the history of literature are intertwined and the earliest examples date 
back to Ancient Greek The Odyssey. However, the question of whether 
the writers believed in the possibilities of the marvels they described 
(for example, Shakespeare in his A Midsummer Night’s Dream) is crucial for distinguishing fantasy in its modern sense. Classic children’s 
fantasies include Frank Baum’s The Wonderful Wizard of Oz (1900) 
and J.M. Barrie’s Peter Pan (1902). Today, the so called high fantasy 
genre is predominantly of the medievalist form, the all-time classic 
being J.R.R. Tolkien’s The Lord of the Rings. Several other series, such 
as C.S. Lewis’s Chronicles of Narnia and Ursula K. Le Guin’s Earthsea 
books contributed to the popularity of the genre, which witnessed 
 another worldwide success in the twenty first century with J.K. Rowling’s Harry Potter series.

Utopia originated in Plato’s Republic (around 375 B.C.) that de
scribed an ideal state ruled by a “philosophy king” and probably inspired Thomas More’s legendary political satire Utopia: On the Best 
State of a Republic and on the New Island of Utopia (1516). More’s 
book originally intended to mock the English king Henry VIII but 
gave birth to an entire genre of fiction exploring the possibilities 
of “perfect” society. The offshoot of utopia is dystopia, a genre presenting a grim prospect on a future as in Yevgeny Zamyatin We (1921), 
Aldous Huxley’s The Brave New World (1932) or George Orwell’s 1984 
(1948). By showing a possible prospect of disaster, dystopia aims 
to shock people out of their complacency and sound a warning about 
the danger of some human actions (such as totalitarian threats, unconstrained scientific development, environment exploitation) likely to 
lead to a catastrophe. 

Discussion Task 1. Read the extract from Aldous Huxley’s The 

Brave New World and fill out the following table. 
What colour do you think Betas can be wearing? 
Check in the text of the novel and discuss how 
the colours are related to the features of each 
caste. Which details of this hypnopedia (sleepteaching) do you find the most frightening? 

Caste
Colour of the Uniform
Characteristics

Alpha
Beta
Gamma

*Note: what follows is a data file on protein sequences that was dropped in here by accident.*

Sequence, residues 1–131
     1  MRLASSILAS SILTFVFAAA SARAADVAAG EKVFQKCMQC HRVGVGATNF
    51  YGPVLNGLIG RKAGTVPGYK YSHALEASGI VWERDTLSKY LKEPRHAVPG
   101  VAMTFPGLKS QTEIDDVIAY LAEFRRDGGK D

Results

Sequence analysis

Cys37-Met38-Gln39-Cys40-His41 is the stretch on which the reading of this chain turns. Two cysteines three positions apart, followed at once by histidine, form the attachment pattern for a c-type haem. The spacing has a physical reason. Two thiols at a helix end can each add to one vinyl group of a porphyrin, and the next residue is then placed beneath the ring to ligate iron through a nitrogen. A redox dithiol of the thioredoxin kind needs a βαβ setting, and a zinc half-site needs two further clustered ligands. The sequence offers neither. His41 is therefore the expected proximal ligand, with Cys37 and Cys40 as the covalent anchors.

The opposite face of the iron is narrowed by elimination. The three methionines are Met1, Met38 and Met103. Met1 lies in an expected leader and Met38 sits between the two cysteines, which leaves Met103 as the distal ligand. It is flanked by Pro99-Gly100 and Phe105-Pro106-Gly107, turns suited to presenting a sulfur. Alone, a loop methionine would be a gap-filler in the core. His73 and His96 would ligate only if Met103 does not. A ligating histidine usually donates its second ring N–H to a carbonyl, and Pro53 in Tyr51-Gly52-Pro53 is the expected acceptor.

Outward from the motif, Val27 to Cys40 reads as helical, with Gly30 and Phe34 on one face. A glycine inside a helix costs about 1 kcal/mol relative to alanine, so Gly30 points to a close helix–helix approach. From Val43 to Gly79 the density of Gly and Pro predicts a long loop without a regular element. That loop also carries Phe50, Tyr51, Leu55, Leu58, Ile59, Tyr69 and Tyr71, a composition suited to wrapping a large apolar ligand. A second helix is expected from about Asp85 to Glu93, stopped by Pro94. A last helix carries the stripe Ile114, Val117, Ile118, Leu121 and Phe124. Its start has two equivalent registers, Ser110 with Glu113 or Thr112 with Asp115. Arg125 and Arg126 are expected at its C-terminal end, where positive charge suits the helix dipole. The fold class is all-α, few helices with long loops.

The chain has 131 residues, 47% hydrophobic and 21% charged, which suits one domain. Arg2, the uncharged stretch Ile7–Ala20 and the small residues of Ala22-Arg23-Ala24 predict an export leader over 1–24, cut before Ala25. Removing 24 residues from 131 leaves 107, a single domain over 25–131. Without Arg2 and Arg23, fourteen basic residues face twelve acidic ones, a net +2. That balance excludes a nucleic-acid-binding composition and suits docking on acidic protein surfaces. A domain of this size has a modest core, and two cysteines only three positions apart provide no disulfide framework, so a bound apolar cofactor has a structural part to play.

Delta
Epsilon

Fifty yards of tiptoeing brought them to a door which the Director 

cautiously opened. They stepped over the threshold into the twilight 
of a shuttered dormitory. Eighty cots stood in a row against the wall. 
There was a sound of light regular breathing and a continuous murmur, 
as of very faint voices remotely whispering.

A nurse rose as they entered and came to attention before the 

Director.

“What’s the lesson this afternoon?” he asked.
“We had Elementary Sex for the first forty minutes,” she answered. 

“But now it’s switched over to Elementary Class Consciousness.”

The Director walked slowly down the long line of cots. Rosy and 

relaxed with sleep, eighty little boys and girls lay softly breathing. 
There was a whisper under every pillow. The D.H.C. halted and, 
bending over one of the little beds, listened attentively.

“Elementary Class Consciousness, did you say? Let’s have it repeated 

a little louder by the trumpet.”

At the end of the room a loud speaker projected from the wall. 

The Director walked up to it and pressed a switch.

“…all wear green,” said a soft but very distinct voice, beginning in the 

middle of a sentence, “and Delta Children wear khaki. Oh no, I don’t 
want to play with Delta children. And Epsilons are still worse. They’re 
too stupid to be able to read or write. Besides they wear black, which is 
such a beastly colour. I’m so glad I’m a Beta.”

There was a pause; then the voice began again.
“Alpha children wear grey. They work much harder than we do, 

because they’re so frightfully clever. I’m really awfully glad I’m a Beta, 
because I don’t work so hard. And then we are much better than the 
Gammas and Deltas. Gammas are stupid. They all wear green, and Delta 
children wear khaki. Oh no, I don’t want to play with Delta children. 
And Epsilons are still worse. They’re too stupid to be able…”

The Director pushed back the switch. The voice was silent. Only 

its thin ghost continued to mutter from beneath the eighty pillows.

“They’ll have that repeated forty or fifty times more before they 

wake; then again on Thursday, and again on Saturday. A hundred and 
twenty times three times a week for thirty months. After which they go 
on to a more advanced lesson.”

*****

Picaresque novel, originated in in Cervantes’s Don Quixote (1605), 

is usually a realistic and satirical first-person narrative describing 
episodic adventures of a picaro (Spanish: “roguish hero”). Examples 
of wholly or partly picaresque narratives include Mark Twain’s 
Adventures of Huckleberry Finn (1884), Ilya Ilf’s and Yevgeni Petrov’s 
The Twelve Chairs (1928) and The Little Golden Calf (1931), Saul 
Bellow’s The Adventures of Augie March (1953), Vladimir Voinovich’s 
The Life and Extraordinary Adventures of Private Ivan Chonkin (1969) 
and Umberto Eco’s Baudolino (2000). 

Epistolary narration, i.e. a narration in letters, originated in Sa
muel Richardson’s Pamela, or Virtue Rewarded (1741), the first mature 
novel in English. This technique allows readers to “hear” more intimately the voices of characters and is sometimes used in modern fiction, 
for example, in Alan A. Milne’s short story The Rise and Fall of Mortimer 
Scrivens (1950) or Alice Walker’s novel The Color Purple (1982).

Text 1. Read Alan A. Milne’s epistolary short story The Rise 

and Fall of Mortimer Scrivens and discuss the following 
questions supporting your answers with quotes:

1. 
How are the personalities of the correspondents gradually revealed 
in their letters? 

2. 
How is the tone of the letters changing as the conflict complicates?